The exhaust from other cars is one major source of in-car air pollution, but it’s not the only one. As brakes and tires wear down, they release fine particles into the surrounding air. The same goes for the roads you’re driving on.
The interior of your car can also be a culprit here. The material that makes your car comfortable — foam, fabric, leather and the like — also releases volatile organic compounds (VOCs).
All these sources of contamination add up.
The time you spend in your car could expose you to more air pollutants than anything else you do in a day. According to one study, professional drivers breathe in four times as much contamination when on the road as they do at home.
Air pollution is associated with a variety of breathing problems. Research also suggests links to dementia, eye irritation and even heart attacks.
How to Beat It
Polluted cabin air is one of the trickiest issues when it comes to maintaining a clean car. That’s because tossing your trash and wiping down surfaces alone won’t necessarily fix the problem.
The best thing you can do to protect yourself is to change your car’s cabin air filter frequently. The filter’s job is to trap particulates. It can’t grab all of them, but it does make a difference. Dirty filters are less effective, though.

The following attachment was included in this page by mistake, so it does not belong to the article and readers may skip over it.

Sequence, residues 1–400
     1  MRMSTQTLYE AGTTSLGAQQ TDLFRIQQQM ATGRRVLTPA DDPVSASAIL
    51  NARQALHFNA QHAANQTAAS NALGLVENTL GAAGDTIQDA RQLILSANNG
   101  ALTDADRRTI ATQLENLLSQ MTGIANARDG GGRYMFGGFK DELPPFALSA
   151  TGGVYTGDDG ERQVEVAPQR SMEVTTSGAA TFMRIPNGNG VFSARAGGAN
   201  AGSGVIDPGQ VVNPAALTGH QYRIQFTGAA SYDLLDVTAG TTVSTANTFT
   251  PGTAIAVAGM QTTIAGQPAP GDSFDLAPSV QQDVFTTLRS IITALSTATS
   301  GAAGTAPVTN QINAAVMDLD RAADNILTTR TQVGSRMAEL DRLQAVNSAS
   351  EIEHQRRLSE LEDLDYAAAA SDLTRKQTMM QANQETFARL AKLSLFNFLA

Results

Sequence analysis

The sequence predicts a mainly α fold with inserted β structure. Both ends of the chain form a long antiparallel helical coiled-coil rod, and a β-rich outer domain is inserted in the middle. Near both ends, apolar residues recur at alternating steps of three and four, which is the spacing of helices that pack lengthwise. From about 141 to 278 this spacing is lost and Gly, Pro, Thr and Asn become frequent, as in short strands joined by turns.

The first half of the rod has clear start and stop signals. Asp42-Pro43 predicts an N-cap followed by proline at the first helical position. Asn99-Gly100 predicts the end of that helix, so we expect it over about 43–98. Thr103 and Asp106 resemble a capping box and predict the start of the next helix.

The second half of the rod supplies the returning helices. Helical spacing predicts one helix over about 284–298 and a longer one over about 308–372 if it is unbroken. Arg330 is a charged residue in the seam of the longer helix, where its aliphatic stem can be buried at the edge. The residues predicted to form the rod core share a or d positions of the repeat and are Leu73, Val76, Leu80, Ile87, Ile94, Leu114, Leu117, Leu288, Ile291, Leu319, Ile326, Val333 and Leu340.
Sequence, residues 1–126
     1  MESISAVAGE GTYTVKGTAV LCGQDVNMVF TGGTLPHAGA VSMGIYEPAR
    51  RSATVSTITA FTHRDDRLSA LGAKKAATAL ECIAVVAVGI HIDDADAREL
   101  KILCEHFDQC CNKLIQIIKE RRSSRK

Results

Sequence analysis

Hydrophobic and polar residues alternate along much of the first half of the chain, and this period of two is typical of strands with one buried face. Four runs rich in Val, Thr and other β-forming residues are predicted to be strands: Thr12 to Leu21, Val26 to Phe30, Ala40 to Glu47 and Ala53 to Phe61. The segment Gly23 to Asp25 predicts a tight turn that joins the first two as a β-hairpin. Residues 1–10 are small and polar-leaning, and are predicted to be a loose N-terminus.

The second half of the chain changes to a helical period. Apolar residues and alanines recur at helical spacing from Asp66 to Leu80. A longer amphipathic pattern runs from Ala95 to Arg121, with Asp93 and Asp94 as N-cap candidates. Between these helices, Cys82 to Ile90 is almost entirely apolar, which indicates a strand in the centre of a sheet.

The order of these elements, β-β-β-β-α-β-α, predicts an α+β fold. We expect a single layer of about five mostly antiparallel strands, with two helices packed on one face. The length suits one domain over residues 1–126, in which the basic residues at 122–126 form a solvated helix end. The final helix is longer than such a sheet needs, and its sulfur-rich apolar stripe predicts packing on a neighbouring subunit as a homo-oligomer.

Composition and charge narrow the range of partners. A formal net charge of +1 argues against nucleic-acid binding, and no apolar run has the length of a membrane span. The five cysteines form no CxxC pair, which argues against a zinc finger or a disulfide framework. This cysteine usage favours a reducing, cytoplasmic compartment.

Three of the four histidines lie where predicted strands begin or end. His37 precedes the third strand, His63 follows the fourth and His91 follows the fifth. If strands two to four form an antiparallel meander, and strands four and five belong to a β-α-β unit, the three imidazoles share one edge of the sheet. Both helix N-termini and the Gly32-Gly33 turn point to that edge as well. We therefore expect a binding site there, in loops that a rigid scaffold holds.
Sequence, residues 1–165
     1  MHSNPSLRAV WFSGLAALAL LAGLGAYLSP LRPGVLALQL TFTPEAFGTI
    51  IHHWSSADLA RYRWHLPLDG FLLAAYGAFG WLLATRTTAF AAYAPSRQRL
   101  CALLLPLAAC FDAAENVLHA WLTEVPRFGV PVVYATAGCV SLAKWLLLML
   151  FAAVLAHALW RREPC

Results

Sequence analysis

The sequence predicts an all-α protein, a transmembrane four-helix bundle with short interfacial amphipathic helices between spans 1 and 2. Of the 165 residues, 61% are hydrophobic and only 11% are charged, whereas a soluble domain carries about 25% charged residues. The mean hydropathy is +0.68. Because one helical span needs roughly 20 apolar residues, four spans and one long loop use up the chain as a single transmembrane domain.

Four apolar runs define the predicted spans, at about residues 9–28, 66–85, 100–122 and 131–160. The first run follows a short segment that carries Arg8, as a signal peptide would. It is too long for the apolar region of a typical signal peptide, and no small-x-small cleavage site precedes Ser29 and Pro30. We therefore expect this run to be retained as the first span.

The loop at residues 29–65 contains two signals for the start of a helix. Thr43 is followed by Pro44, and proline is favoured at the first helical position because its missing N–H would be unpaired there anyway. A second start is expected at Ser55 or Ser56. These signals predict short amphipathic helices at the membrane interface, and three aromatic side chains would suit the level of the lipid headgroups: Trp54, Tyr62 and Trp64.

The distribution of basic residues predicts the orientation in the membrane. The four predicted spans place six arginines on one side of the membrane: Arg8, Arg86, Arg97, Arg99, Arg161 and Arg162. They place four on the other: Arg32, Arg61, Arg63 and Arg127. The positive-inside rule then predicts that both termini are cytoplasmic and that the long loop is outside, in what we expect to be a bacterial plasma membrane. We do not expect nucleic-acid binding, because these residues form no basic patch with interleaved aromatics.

The usual advice is to change your filter once every 12,000 miles. Your owner’s manual can give specific advice for your car model, and people with allergies or health concerns may need to change the filter more often than advised.
You can also look into a filter upgrade. Nicer filters will cost you more, but they may trap finer particles and keep your in-cabin air cleaner.
Keeping your car’s interior clean might not be high on your priority list, but it’s essential to your overall health — especially if you’re in the car a lot. Make cleaning your vehicle part of your general cleaning routine. You may just enjoy a healthier time on the road.